So let’s just all sit back, and see what happens tomorrow.

 

Amour

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Definitely my pick for the Oscar.

Its simple title – love – has been confusing me since I first heard of the film. Naturally, I have had to watch it to grasp its true, complex meaning. While the story centers around a married elderly couple, Georges and Anne, and their lives after Anne suffers a stroke, the title is not reserved for them alone. Rather, it is there to point out the extent to which this word is absent from everyday interactions.

Georges who is left to look after his wife’s well being has to pay everyone else for their services – the hospital guys for delivering the wife back home, the neighbouring couple for going grocery shopping, the nurses – even the bad one. Love has been replaced with currency, Haneke (writer and director) suggests. No one in this film is motivated by the feeling, everyone is simply focused on what they will gain; except for Anne’s former student. He is the only one who acts out of gratitude. Before she suffered a stroke, Anne was a piano teacher. When the students visits, the couple recount about how much they loved his concert, and remark that they had neglected to buy his CD. They make a point of how they wanted to purchase his CD because they wanted to contribute to his career. Later on in the movie, they receive his disc in the mail. I felt a warmth around my heart at the gesture which stands out from the ruthless, business-like interactions among the rest of the individuals in the film.

Oddly enough, it is this absence of love that awakened my sense of humanity in me, making me even more sympathetic towards my fellow human beings.

The film also reminded me that life can always get worse, and that we should enjoy every single second of our existence. So have a good, JOYOUS life everyone!!

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Lincoln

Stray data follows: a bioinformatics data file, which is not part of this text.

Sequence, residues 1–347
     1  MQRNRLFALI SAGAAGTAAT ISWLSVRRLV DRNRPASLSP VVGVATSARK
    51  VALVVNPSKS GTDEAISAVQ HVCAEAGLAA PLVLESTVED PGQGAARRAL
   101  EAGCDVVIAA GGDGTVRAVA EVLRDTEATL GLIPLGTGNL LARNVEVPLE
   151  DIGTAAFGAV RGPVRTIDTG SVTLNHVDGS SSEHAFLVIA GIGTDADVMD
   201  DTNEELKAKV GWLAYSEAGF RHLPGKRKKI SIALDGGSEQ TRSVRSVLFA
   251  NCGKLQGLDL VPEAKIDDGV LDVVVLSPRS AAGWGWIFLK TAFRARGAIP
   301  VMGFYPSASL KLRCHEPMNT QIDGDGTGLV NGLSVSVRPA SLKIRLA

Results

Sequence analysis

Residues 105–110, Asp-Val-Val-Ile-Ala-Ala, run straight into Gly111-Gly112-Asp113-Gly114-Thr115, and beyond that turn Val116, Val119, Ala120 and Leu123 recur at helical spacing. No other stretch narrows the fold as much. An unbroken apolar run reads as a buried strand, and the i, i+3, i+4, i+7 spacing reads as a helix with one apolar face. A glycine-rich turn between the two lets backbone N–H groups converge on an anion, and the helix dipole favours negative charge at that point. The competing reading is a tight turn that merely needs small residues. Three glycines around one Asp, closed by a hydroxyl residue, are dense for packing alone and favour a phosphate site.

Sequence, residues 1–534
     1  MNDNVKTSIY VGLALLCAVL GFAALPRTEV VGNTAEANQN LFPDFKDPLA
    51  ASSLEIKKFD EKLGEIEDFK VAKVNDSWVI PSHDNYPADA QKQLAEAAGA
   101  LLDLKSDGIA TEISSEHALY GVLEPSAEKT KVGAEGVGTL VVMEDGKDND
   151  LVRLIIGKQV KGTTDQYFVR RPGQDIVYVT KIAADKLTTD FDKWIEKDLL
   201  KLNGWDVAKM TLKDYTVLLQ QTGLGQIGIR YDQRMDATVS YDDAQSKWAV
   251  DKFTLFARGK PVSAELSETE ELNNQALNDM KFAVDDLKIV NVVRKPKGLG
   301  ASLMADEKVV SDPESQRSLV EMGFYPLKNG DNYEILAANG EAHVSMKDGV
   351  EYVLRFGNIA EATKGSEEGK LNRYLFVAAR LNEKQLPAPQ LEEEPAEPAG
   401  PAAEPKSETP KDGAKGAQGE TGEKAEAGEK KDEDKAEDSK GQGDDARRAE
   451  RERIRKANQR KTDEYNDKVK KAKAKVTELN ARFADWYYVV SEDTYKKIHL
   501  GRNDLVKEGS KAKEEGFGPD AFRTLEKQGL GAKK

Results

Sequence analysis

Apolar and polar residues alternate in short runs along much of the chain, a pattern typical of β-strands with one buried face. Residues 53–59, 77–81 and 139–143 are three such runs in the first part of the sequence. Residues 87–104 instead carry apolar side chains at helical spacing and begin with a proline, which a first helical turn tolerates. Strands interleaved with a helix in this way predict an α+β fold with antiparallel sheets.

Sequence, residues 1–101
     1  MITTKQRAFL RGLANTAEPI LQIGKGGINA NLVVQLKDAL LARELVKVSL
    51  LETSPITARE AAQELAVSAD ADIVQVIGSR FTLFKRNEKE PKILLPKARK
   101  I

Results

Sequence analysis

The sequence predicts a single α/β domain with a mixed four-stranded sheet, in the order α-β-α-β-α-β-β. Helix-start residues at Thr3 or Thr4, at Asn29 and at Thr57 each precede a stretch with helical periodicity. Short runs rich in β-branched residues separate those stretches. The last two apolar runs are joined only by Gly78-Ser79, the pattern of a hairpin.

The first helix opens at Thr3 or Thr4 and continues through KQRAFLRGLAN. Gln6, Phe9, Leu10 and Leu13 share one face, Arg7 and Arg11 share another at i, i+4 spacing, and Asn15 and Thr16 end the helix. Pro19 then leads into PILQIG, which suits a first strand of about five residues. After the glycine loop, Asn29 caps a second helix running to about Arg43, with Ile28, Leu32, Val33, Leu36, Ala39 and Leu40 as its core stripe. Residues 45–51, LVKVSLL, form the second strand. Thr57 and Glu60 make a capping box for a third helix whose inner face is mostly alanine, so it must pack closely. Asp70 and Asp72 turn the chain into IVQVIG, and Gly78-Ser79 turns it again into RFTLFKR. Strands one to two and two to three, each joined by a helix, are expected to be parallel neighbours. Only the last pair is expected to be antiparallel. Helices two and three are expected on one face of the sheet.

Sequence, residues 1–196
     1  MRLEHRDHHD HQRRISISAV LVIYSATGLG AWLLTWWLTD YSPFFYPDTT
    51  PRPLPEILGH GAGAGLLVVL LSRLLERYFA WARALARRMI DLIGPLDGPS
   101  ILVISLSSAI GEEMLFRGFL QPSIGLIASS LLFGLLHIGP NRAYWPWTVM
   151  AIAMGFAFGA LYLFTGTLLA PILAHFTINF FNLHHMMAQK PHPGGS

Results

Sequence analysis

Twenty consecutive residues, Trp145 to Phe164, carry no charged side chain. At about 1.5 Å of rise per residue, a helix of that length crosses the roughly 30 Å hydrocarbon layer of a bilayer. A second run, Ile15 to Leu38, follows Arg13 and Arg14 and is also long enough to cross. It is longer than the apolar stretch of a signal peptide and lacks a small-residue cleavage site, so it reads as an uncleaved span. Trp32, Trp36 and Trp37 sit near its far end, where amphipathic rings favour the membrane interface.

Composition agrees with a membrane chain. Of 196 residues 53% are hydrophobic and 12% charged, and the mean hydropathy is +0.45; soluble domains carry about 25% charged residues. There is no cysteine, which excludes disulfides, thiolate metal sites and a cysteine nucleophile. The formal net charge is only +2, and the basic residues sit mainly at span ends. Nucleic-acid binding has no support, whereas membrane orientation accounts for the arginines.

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I had a hunch this would be a slow movie, but never did I imagine it would be so extremely dull. I can say, without a doubt, that Lincoln is the most boring movie I have ever watched.

I thought we would be seeing a biography, which excited me, because I know very little of this intriguing figure. Instead, it was like watching people read lines from a (dubiously accurate) history book. Can I get a yawn?

Honestly, I wouldn’t even know where to start commenting on this film. The entire premise of the movie revolves around Lincoln’s push for abolition of slavery. But there’s no enthusiasm, no interesting subplots. It’s just Congressmen arguing each other in fancy talk for 2.5 hours. The characters are completely void of personality, especially Lincoln himself. Such a terrible disappointment. What exactly did Spielberg want to achieve with this movie is completely beyond me. I’m surprised the actors themselves, the film crew, the camerapeople, the editors and the producers were all able to stay awake while making this monotonous, lifeless picture.

Django Unchained

This year there is a pattern among the nominees. There are three distinctly political films, and the rest are structured around profound personal struggle. Django Unchained, however, stands out from the bunch.

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While it definitely revolves around severe pain and injustice, it doesn’t go deep into the psychology of the suffering characters. It is everything you’d expect from a Tarantino movie – it’s violent, gory, overly dramatic, clever and entertaining; and its perfect musical score will once again make for a must-have soundtrack.

Django doesn’t seek to make a statement. It’s made purely for entertainment purposes, and splendidly so. Does it deserve to be in the Best Picture group? Absolutely! Will it win? Not a chance.

However, I suspect that Christoph Waltz will pick up the Oscar for Best supporting actor.

Beasts of the Southern Wild

I thought long and hard about why this movie filled with my heart with tremendous love. The answer is quite simple really: the lead actress, the 9 year old Quvenzhane Wallis. The kid is absolutely mesmerizing, and if she is not rewarded with and Oscar for her performance, it will be a grave injustice.

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The story itself requires patience and an open mind, and is not to be taken too literally.  It is a depiction of life through the eyes of a child called Hushpuppy whose world starts falling apart when her father and sole guardian becomes ill. The point that brave people don’t run, but stay to face their difficulties, is delivered in an unconventional, almost surrealistic manner. Confusing at the beginning, it is made so simple in the end that I couldn’t not feel an incredible sense of amazement and empowerment, after witnessing the world through Hushpuppy’s eyes. I hope that this newly acquired bring it on mentality never wears off for me.

Now tell me, did Beasts of the Southern Wild have the same impact on you?